Served by the United Press BLmiEVILLE COURIER NEWS ' ™ E DOMINANT NENVSPAPER OF KOnTHJ^r ARKANSAS AND SOtmi^TTn^nT ^ "*"+ ? ? ^ VOL. XXVI—No. 2GO Blytlievllle Courier, Blythevllle Dally News, " I»U"1'I1KVIU,K, AKKANSAS, FRIDAY, JANUARY 31, !!)» HOME EDITION SINGI-E COPIES FIVE CENTS HOOVER SPOKESMAN WOULD LEGALIZE BREW Flames Gut Grand Leader; LossOver S4Q.OOO nnr nun muTrn \\<T i r\ i i-v ___ . ~— ——'— FIH1TER Will Reopen Business as Soon as Possible I. Ros- enfhal Announces. Practically tho entire block of the Grand Leader, one of Blythevillc's oldest department stores, rained at between 540.000 and $50.000 was destroyed by flre last night while firemen waged a desperate but successful battle to save the two story building, located at Main and Second streets, in the heart of the city. Total damage was estimated at between 140,000 and $50.000 by I Rosenthal. :t is understood that the stock and building are practically covered by insurance, .but Mr. Rosenthal stated he could not determine the full amount without referring to the company's records. The building will be repaired nnd store re-opened for business as soon as possible Mr. Rosenthal stated. Damage to the building was estimated at 52,000 by Fire Chief Head. Gels Good Start "With smoke pouring out from every window, door and opening by the time firemen reached the scene. the flre was one of the most spectacular in the history of the city. While hundreds ol spectators crowded the sidewalks in the business section and others looked on from vantage points in second story windows, smoke billowed and poured from the building. Firemen hampered by the suffocating fumes and smoke were forced to resort to smoke mask to enter the bui!d- Ing. Harry Calvin anc! E. M. Holt, in the Cobb Undertaking company of nee across from the Grand Leader building, were the first to notice the flre. They sounded the alarm but before the first -fire truck arrived from the fire station a block away fumes and smoke forced an opening through a front window of the building, hurling glass into the center of Malt street. Two fire trucks were ordered in action and four lines of hose were played into yie interior of the building as smoke, swirling outward blocked any view of the lire within. The firemen had no opportunity to save the store stock and a checkup after the blaze had been conquered showed how close the flames had come to winning their way to the second story and destroying the building. Started in Clotet j . , first line into the gap fell throug - ing for almost two hours before o r ,, " . v "" " v "" i> "" ulc is no: gome to buy cotton at any firemen finally declared the blaze price but will continue ITS policy fully under control. of loans and advances to cooperatives on a supplemental loan basis." The three senators took the position the statement was unfortunate and Heflin demanded that "the farm board keep its mouth shut if Ik can't be helpful." Wed Only a Day After one day of married life, following an airplane elopement to Yuma. Ariz., Loretta Young, movie actress, and Grant Withers, actor, shown above, have agreed to annulment at the suggestion of the bride's mother, Mrs. George Belzer of Los Angeles. They admitted " . they acted "Impulsively." Group Authorized to Submit Report on Project at Meeting Next Thursday. A definite plan for a permanent fairgrounds at Blytheville, and means of financing the project, will be worked out by a committee of seven, headed by B. A, Lynch, which will submit its report next Thursday night. This committee, and another to looke into available site for (he fairgrounds, was authorized at a meeting at the city hall last night at which about thirty citizens interested In the fair proposition heard Harry Lltzcnfelder, secretary of the Caruthersvllle fair, tell of the success achieved there. The committee named at last night's meeting which, besides Mr. I Lynch, includes L. L. Ward, E. B. JLyman, J. A. Leech, C. R, Babcock, Z. B. Harrison and Jesse Taylor, will cooperate with the special fair committee of the Chamber of Commerce, composed of C. G. Smith, chairman, H. W. Halnes, C. S. Lemons, U. S. Branson, Boh Blaylock. J. J. Daly, JefT Rowland. J. L. Cherry and Fred Sallba. Members of the special commit- toen on selection of a site are Jeff Rowland, Bob Blaylock and L. L. Ward. Tells of CaratheravUle Fair C. a. Smith presided at last night's meeting at which all phases of the fair proposition, notably thn financing and horse racing angles, were discussed. Mr. Litzenfelder stated very frankly that on the basis of his experience at Caruth'ersville he could not describe the launching and maintaining of a fair as anything but a difficult and at llmei a discouraging task. He said, however, that in his opintoin the benefits to the community justified the expense and the effort involved, and said that he thought the financial difficulty would be less in Blytheville than In Caruthersville because of tlie larger population the fair here would have to draw upon for patronage.-He said that despite a few extremely disastrous years, when bad weather cut gate receinU to a minimum, the Caruthersvllle fair In the 15 years of Its history had been very nearly self-supporting and some years had earned large profits. . While agreeing with those interested In the local project that the primary purpose of a fair 1s to stlm- Fire Chief Roy Head stated that ana Heflln ' Democrat, Alabama ic base of the flre appeared to cnar £ ed "KBe had permitted ac ! in the closet under the stairway P 1 ™ 160115 "port to be circulated je in me ciosei unaer tne stairway r ?*.^u» v w we nn.unueii .eading to the second floor. The -?7 a , press association other than .vails and floor near tho rinsot »-oro tne United Press and that his de- Legge Statement Responsible for Present Low Price Say Solons. WASHINGTON, Jan. 31. (UP) — Southern Democrats complained in the senate today that Chairman Legge of the federal farm board had issued "thoughtless and careless statements" which have driven the cotton market down to th° lowest point since '1926. Senators George and Harris, two t-iunivii v^turge etna tiuiiiS two r — r- —- •" « .i..» w w ub*nt- Democratic senators from Georgia 1 "l ate lnt ercsl in better agriculture «« J TT-.ai. — . . _ ° Mr T-ItaanfaMar .-nt.1 »V.n + II- U.n.,3 naval conference were nlide-at ' fa sliown "PP er Iefl - Upper 'er. Senator Joneph T. Robinson, of the scene for The Courier News and rl * ht 1 ' ou SK> spade-bearded For- Arl( ansas. has been depicted with NBA Service by Stephen Spurriar, el«n Minister Grandl of Italy as he ec o?eeSL dUrl ?.L * f ,°. ment Ol noted artist on the (faff of tht »ddreK«i th, , nn f„.,,,.„ ,„„.„ .""".i'™. ™- f°* er IM '* »" of U» addre««d tho conference vs. Sketched right, Premier Wakatsuki ,ha . . George said the original report :r said that it had . been his experience that horse racing and a good program of other entertainment were essential to financial success. Under the right management, he declared, horse racing can be made one of the best and cleanest forms of amusement Progress Threatened Mr. Smith, in a few remarks pre- lha ftwr of the buildine When J!' as lnnt the DMrd tt ' as S oin! ? to liminary to his Introduction of Mr they jumped into the closet , y coU011 ' YDS( « da >'. he added. I Litzenfelder, told of the growth of l.Krffn nnnniinrpri thnr fh*\ * An nvt t^* i«n«i *«i- * _.. i ii~. Water was thrown into the build- ^bteT.* «!t '«M ia fnr olmnef *w« rt/uirc K*f*vr* t_ __, .._ . . . .- "uaiu not goinz to buy cotton at any Prepare to Flee If Wabash Gorge Breaks MT. VERNON, Ind., Jan. 31. (UPj —Additional families living along the Wabash river in southern Indiana and Illinois evacuated their —mrmers me world around are Mr. Lynch said that the meeting gorge threatened to break and re-1 beset by the same problem—over ! had a serious problem before It and rtomes today as an eight mile ice expansion and over-production. Sec- urged that consideration of the fl- lease a wall of water. retary of Agriculture Arthur >r "—'-' -"-' - 4 *— -n««—i»*~ — Some farmers who would be In Hyde^ declared here today. the path of the flood should the SPRINGFIELD, 111.. Jan. 31. the local fair and expressed the opinion that substantial further progress, with It* very definite de- lation to agricultural improvement and development, would be impossible unless permanent quarters for the fair were provided. This view was concurred In by J. E. Critz, county agricultural agent. Selection of Mr. Lynch as head of the temporary organization was by unanimous vote, after his name had been put forward by Frank C. Do'uglas. ~- —-•—.» mi-j_i»_r, in., va.ii. ni, \\jtrt mjUxlwo, -Farmers the world around are Mr. Lynch said that the meeting ice jam break moved to higher ter M. It is Imnosslble to ascribe agricultural distress to any one factor but there Is no ouestion the most --- — .. *>,u,cu lu IJIXII^l IV, - u.i* »U I i, - — v™. rltory as airmen continued to drop ? llt th " c ls no <mc.ition the most food and fuel to marooned folk I im P orta " t H 'bat of over-expan- Rellef workers had 266 bags of I S T' , Hyde toW a meeting of the >od readv fnr ^i-.-n,...,.- i.j... Illinois Agricultural assnHnflm. , food ready for distribution today by airplane and truck A. F. Jones, 78, Dies at Home at North Sawba A. F. Jones, 78, succumbed at his home In North Sawba community at 2 o'clock yesterday afternoon following an illness of dropsy. The deceased is survived by two sons. Monroe and J. E. and four daughters, Mrs. Marp Hall, Mrs. Lily Hale, Mrs. Mary Kellow and • en upon an e Mrs. sallle Eehols. | ment ^ he ^ Funeral services will be held at the North sawba cemetery this tif- ^emcrn. Arrangements are in Illinois Agricultural association "The reason Is plain." he said "During the war production Increased oiit-side of Europe to compensate for reduced production in Europe. When Eurone largely restored its agriculture the other countries dirt not correspondingly decrease theirs." "As a result the world's output ran ahead of market requirements " he continued. "Prices inevitably fell, Instead of cuttlne production and lucin? cultivated acreage awl- everywhere enter<* f «™ -«elop- . charge of the Cobb company. Undertaking The central portion of the Capitol at Washington. D. C.. which Is UIJJCU tlltll I.U114JUC1 dwull Ul U]C JL- nancial arid other difficulties precede any definite action. He said that h« personally would not care to become a party to a proposition involving the investment of a good many thousand dollars unless there could be i^iple assurance of capable management. Little River Child Dies of Pneumonia Funeral services will be held this afternoon, at the Garden Point cemetery on the Osceola-Lepanto highway for Sara Ann Halpaln, three year old daughter of Mr. and Mrs. E. D. Halpain who died at the family home In tho Little River community at 2:15 o'clock this morning. Death resulted from an attack ot pneumonia. The deceased Is survived by her parents and a sister, Nina Barber May. up. Pays on Imovovised Gallows for. Murder of University Student. . BOONEV1LLE. Mo., Jan. 31 (UP) —Lawrence Marby, an Ozark boy of 19 years, was dropped from an improvised trollows through a trap door in a barn lot here todsy aa he murmured a newly learned prayer and attemnted a last smile. He fell to his death at 9:17 a. m. It was the last event in e' series which began February 4 I92B at Sedalla, Mo., when Marby killed William Buseh, young law student, during an attempted hold"P- Marby's last view was through the loft window, fringed by wisps of hay. He looked out Into the crlso morning as the colors of a winter dawn faded Into sunlight It revealed the hills where Daniel Bcone, adventure hero of boyhood reading, once roamed. Marby was led across the snow covered Jail yard to the old barn in the center of the town and with the aid of the harurman walked up 13 frail new steps which strained as the group mounted to the trap. He tried us he had promised his minister to repeat the brief prayer, "Lord Jesus keep my soul," and mustered a pale smile similar to th* parting expression he had. given his sister and sweetheart alter his first outbreak! of weeping last night when they bade him goodbye. Nefro Ranted at St Ixwb ST. LOOTS, Jan. 31 (TJP)-Wll- Itam Mosley. negro slayer of three persons, was hanged in rtty Jal! here at 6 a. m. today. His only complaint In the long hours before his death was that he had no friends. "Nob-dy's been to see me since I been here. I ain't got no friends" he told the Catholic priest who was with him during the last hours. The hanging was perfunctory. One of the five electric buttons punched by deputies on signal released the trap, but none knew which circuit carried the current. The negro was killed for murder- other persins September 10, 1931 Dtuts DeaVi Sett 06SININO. N. Y., Jan. 31 (DP) —Michael Sdafonl, Brooklyn gun, man. walked quietly Into the death Funeral arrangements a« In ]as [ . chamber at Sing Slug prtion jate • • • — —•• •••"«** u * uitotal tu ittllMtiliciMO c**c iu latt mfnfef composed of Virginia sandstone, Is charge of the Cobb Undertaking ».,!££•. hn.fi» tn fh» i, painted about every three yearn, I company (l . He . sp °T L y ' > the wl ""«ses *.uui&«ti>, tharilrM thfi lrru»nprs fnr th»l- it«.i. , thanked tho keepers for their kind- Alleged Negro Gunman »; Captured in Memphis Deputies of the sheriff's office are to return Will Powell, negro taxi driver, here from Memphis tomorrow to face charges, in connection with the shooting of Hugh Cherry, negro pool hall proprietor, who Is phis hospital. ... in a wltical condition In a Mem- Cherry was shot at an alleged Rambling resort i near Osceola. Officers had been unable lo find Powell until Memphis authorities, cling on Information for the sheriff's office here captured him today. Leaehvifle Bov and Girl, 16 Years Old, to Marry "Swee t Sixteen" are Corrine Duncan and Jesse Lee Collie, both of Leachvllle, who were Issued a marriage license here today. The prospective bridegroom, who looked Just old enough to be wearing his first new long trousers, was accompanied by his parents, Mr. and Mrs. Olen Collie and Mr. and Mrs. C. T. Dunc&n, parents of the young bride. The wedding is to lake place in their h->me town this afternoon, according fo arrangements. Paris Approves Glittering Advertising Signs PARIS. (UP)—Not content with her sobriquet of the City of Enlightenment, Parts now yearns for glittering curbstone "ads" which may make her a City of Light as The Municipal Council has Just decided to permit advertisers to rent space in curbstones and install therein advertising signs that will cast multi-faceted rays on sunlit days, and glow at night under the glare ot electric lights. The Prefect of the Seine by no means disapproves of this latest Parisian fad. and has smilingly acknowledged the bustling zeal of merchants and shop-keepers. Hair Taboo BERLIN (DP)—A woman worker In a factory | n Saxony who had her hair bobbed was publicly warned that unless she permitted It to grow again she would be dismissed, and the same .fate was threatened to any other workers who dared follow her example. ing his common law wife and two ness. Then he nicked un a towel otfer ,««». fl«t«,i» ,„ ,„, and dusted Sf^hedectych^ 1 They can at least give a man about to die • clean chair," he said. Then he «tt down and the current was turned ofi. A raw minutes earlier his companion In a double murder, Frank Plala, had gone to the chair without a word, Suggest Combination of Anglo - American and French Proposals. LONDON, Jan. 31. (UP)-Lead- crs of the five-power conference spent today trying to find a eom- primlse between the extreme «n- glo-Amerlcan and Frecnh theories of naval limitation. The original French proposal was that any nation allotted a certain total naval tonnage should be allowed to spilt this tonnage among whatever type of warships it considered most useful. The British and Americans hoM that such a system would not be limitation at all. The suggested compromise which Is now receiving attention of the delegates is that after assignment of definite strength to each nation the nation shall have the right to shift a certain percentage of *UI_ -1 ,. t . _ 'i-H Club and Vocational Winners Are Guests of Osceola Civic Ciub. OSCEOLA, ATkTjaii. 3J.-CI.nm- pion crop producers for 1929 n»'' Sl " winners. national high never betore this itrength from one class ships to another. of It Is the question of how great a percentage of this strength may be transferred between classifications of warships that provides the biggest problem of the dny. Under the French proposal it was understood today the general types of warships would be divided Into six groups as follows: 1. Battleships 10.000 tons or over and carrying guns of eight Inches or. larger. guns and larger. 2. Cruisers carrying six Inch 3. Auxiliary warships including destroyers with guns smaller than six inches. 4. Aircraft carriers. 5. Submarines. 6. Mine sweepers small craft, and various London Proud of New Electric Building LONDON. (UP)-Oity fathers arp especially proud of the first all- electric building In London. It is the structure of the Commercial Union Assurance Company in Cornhill which replaces the bulldln;? which collapsed In Ausust of 1927. The new skyscraper is 13 stories In height, with four stories below the ground level. Everything In :n« building |j electrical-lighting, Beating, all the motive power and >fflce-to-ofHce signalling. The structure was erected In a year. The time Is said to be a new record In London building circles. • ., ••••" i-umitj wuniers forty In an. from all over Missis slppl county, were guests of tlio Osceola civic club at a luncheon meeting here Thursday when their respective achievements as 4-H c ub members, students of vocational agriculture, or adult farm- awUed." f" 0 ""*" ° nii 1>l! " 5 J. T. Coston, president of Hi- club, presided nnd Introduced (he honor guests, the number Including Blanche Beall, Elstner Beall Irene Rctlbum and Willie. Oni- ony. 4-H club members whose production of better than Ihree bales of cotton to the 'acre on their respective club acres In 1929 set n production record reached. Bethany Fnuglit. Jomes Smothcrman and Robert Shirley. Blythevllle vocational students constituting a judging team which won first place In Judging Holsteln cattle at the Na- tlonsd Dairy show in 1929, besides the winners of the four high places in cotton production for the state all ot them vocational students ol the Wilson High school, slate 4-H club cotton winners, and adult winners of first and second places In the state corn production contest for adult farmers, and num. erous winners of awards offered for county competition alone by tht Mississippi County Bankers' association, Lee Wilson and Co, anil other organizations. Baker Wilson, a representative . f the F. M. Crump Cotton company of Memphis, was present and personally awarded the prizes offered by the Crump company, Ihe fiv> winners out of a territory comprising Arkansas and Missouri nil being Mississippi county 4-H club members. E. Y. Fitch, representing Lee Wilson and Company, personal!-' awarded the pi-Ires offered by thnt company to vocational students of the county, and Mr. Coston o-i behalf of the Chilean Nitrale of Soda Educational Bureau awarded the two sold watches won for col- ton production In this county, ongoing to Blanche Beall of Wilson and the other to Dorothy Bowers of Dell. • The winners were Introduced wltn appropriate remarks about their achievements, and other guests introduced were Miss Willie Lawson of Blythevllle. county superintendent of schools, C. H. Babcock editor of the Blythevllle Courier News A. G. Little of Blythevllle, key banker for Mississippi county, c. T. Kramer, teacher of vocational agriculture In Blythevllle. and E. Y. Fitch, teacher of vocational agriculture In the Wilson high school. Music was furnished during th? banquet by the Osceola high school glee club, and the program closed with a short talk by County Jud<?e George W. Barham of Blythevllle preceding which Elstner Beall of Wilson thanked the club on the part of the guest winners and spoke briefly of his own pleasure and profit derived from six years work as a student of vocational agriculture and as a 4-H club member. Says Nation Wants Volstead Law But Suggests Modification. . ; WASHINGTON. Jan. 31.'ojP>- Clariflcatlon of the Volstead net lo permit home manufacture of liclit wines and beer was suggested In a speech In the house today by -Hep,Franklin Fort, Republican," New Jersey, who is regarded as President Hoover's spokesman In tho house. Much significance was attached (o Furl's suggestion because of his close connection will] Mr. Hoover, in whose campaign he was one ot the leaders. . . The New Jersey member urged retention of the 18th amendment ami education for temixirnnce. Fort snld that In his opinion tho manufacture of Hjhl wines and beer In Ihe homo docs not seem to be included hi the one-half of one iwr cent alcoholic limior law of thj Volstead net. but that they come within the ban of "non-lnV)xlcat- iiiK In fact," and thus a higher alcoholic content seems lo be perinlt- His speech was listened to with led. keen interest by house members', some ot whom regarded 11 as n "trial balloon" for reaction of the country. Referring to the Volstead act ho said: "Perhaps Die act needs clarification on (he question of homo brew—although nobody has e,vcr been convicted for maklnj; It for home use. But otherwise It seems t omc pretty clearly to fulfill the purposes of Us adoption nnd to satisfy the real wishes of the American people for the preservation of the Industrial system, their pros- perlty and their homes." • WASHINGTON.- Jan. 31 '(UP)— Prohibition sinfgwtlons of every sort were comli!8 to a lieod In con- sre.is today to break forth In legislative, political and administrative moves within the next few days which will keeo the subject very much to the fore. Chairman Williamson of the' house exiwndltiii'es committee Is preparinK a report on the first measure of President Hoover's program —tho bill for transfer of enforcement agencies' from the treasury to the Justice denarfment—In which he will tct forth the general ar- RumenLn to bi>. used when the bill Is brought before the house. Rep. Coehran, Democrat, Missouri, a wet, will submit a minority report singling out Darllcutarly tho nmendment adopted by the committee 10. to 4. which Rives the at- lorney general veto power in prohibition administration, MotWurf's as Rayon Head Accepted ELIZABETHTON. Tenn., Jan.- 31. 'UP>—Resignation of Dr. Arthur Mothwurf as president of the Amer- can Bemberg and American Glanz- stoff rayon plants here was tendered on January 25 and has been accepted. It mis announced todaj-. Dr. Mothwurf was Inrgelv responsible for locating the plants In happy valley and has been resident of the property since It was opened. He recently returned from a trip to Germany, his native land, after a scries of strikes here had ed to his being relieved. Tennessee Patrolmen Told to "Use Discretion" The program was arranged by County Agents S. D. Carpenter of MEMPHIS. Tenn.. Jan. 31. <UP) Osceola and J. E. Crltz of Blythc- —The first contingent of stole ' vll.e, Miss Cora Lee Coleman. home highway patrolmen consisting of 20 demonstration agent, and E. Y '" J ~"°— • ' Fitch and C. T. Kramer, teachers of vocational agriculture In Wilson and Blythevllle. resiicctively. under whose supervision the prize winning records were made. Following Is a list of tho winners and their respective achievements: Mrs". M. A. Mtddleton, sponsor of tne Stlllman 4-H club, winner of first place ' ' I contest for mounted officers were on roads today with orders to "use discretion" in making arrests. - —,., -,.-..„. of the Paw-. club, which won second place for the best roganlzed club. Mr. and Mrs. John Perry, sponsors of the Perry club, which won third place In the same contest. Corn Club • Quinnon Sprayberry, member of the New Liberty 4-H club, winner of first place In county bankers' contest and prize of $15 for pro- A 1 " 8 .. '-"' Protest yield ot corn —93.5 bushels on a club acre. Ulman Noble and Hulett Morgan, members of the Perry club, tied for second • place, each producing 76 bushels to the acre, splitting sec- (Contlnued On Page Throe) Four Bandits Confess Medina Bank Robbery MEMPHIS, Tenn.. Jan. 31. (UP» —Four bandits who robbed the Bank of Medina at Medina, Tenn. t of $2,600 last week have confessed here police sold. They are Henry Bibbs. William N'eal. Floyd Burton, nnd Celland Jones. WEATHER ARKANSAS—Generally fair tonight and Saturday. According to the official weather observer. Brax Smith, the minimum temperature here yesterday wa» 18 degrees and the maximum 44 degrees; clear with northwest winds. On the same day a year aw the minimum temperature .was 35 degrees nnd the maximum. 41 degrees; cloudy with northeast winds.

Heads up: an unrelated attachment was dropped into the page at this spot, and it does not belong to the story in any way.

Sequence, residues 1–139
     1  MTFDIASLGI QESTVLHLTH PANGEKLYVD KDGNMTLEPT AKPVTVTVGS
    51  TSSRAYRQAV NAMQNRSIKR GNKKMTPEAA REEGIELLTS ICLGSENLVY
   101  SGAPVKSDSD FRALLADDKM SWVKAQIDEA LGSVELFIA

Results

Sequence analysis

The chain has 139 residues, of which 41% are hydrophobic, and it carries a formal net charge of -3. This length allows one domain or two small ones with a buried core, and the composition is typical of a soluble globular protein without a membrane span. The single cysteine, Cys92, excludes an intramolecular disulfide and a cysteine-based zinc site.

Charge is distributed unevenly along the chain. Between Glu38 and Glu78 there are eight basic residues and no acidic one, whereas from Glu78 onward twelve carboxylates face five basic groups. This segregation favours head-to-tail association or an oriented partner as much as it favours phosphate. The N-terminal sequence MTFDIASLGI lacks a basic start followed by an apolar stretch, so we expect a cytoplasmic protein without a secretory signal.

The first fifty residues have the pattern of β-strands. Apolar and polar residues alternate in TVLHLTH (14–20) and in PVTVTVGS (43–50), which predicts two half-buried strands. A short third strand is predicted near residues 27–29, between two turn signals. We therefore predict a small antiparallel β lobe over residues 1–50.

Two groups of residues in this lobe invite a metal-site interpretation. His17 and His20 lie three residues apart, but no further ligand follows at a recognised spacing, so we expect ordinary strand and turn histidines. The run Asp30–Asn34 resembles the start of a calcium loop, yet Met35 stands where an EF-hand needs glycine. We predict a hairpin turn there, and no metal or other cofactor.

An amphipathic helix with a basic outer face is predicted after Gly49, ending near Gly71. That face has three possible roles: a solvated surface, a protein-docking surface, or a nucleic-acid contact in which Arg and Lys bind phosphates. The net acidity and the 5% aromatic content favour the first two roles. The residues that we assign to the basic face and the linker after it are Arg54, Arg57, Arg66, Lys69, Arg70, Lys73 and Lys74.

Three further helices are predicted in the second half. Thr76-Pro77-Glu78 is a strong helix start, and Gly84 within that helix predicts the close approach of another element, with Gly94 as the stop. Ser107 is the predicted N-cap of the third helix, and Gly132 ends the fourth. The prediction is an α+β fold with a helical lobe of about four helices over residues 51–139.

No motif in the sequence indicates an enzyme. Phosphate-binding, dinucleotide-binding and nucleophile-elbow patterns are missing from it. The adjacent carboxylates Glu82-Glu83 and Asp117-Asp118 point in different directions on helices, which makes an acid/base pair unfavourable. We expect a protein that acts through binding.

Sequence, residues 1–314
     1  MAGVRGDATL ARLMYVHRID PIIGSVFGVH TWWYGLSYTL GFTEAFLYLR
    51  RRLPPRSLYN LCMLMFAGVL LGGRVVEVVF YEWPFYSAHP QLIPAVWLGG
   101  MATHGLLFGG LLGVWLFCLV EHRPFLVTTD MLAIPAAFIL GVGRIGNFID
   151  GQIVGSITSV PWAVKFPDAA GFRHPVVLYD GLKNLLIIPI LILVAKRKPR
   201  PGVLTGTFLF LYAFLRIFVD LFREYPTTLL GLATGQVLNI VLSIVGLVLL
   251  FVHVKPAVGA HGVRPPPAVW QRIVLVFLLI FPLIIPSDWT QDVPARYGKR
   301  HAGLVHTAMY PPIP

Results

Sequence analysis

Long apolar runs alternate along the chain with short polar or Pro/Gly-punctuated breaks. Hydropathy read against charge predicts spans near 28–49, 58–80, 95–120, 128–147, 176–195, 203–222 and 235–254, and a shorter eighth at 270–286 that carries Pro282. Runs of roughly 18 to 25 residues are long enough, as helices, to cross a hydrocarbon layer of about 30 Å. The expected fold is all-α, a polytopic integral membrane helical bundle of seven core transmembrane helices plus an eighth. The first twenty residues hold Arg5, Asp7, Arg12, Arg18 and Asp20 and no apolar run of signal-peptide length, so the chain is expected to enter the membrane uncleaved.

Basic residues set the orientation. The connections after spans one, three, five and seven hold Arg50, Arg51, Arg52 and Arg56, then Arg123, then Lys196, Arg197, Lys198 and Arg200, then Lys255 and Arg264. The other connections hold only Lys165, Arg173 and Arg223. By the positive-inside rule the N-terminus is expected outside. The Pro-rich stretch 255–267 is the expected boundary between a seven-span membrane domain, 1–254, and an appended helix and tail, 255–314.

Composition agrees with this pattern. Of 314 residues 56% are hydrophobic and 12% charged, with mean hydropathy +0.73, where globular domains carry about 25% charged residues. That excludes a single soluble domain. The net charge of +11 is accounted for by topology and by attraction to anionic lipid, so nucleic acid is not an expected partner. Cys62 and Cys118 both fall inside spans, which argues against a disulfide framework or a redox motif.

Get access to Newspapers.com
- The largest online newspaper archive
- 11,800+ newspapers from the 1700s–2000s
- Millions of additional pages added every month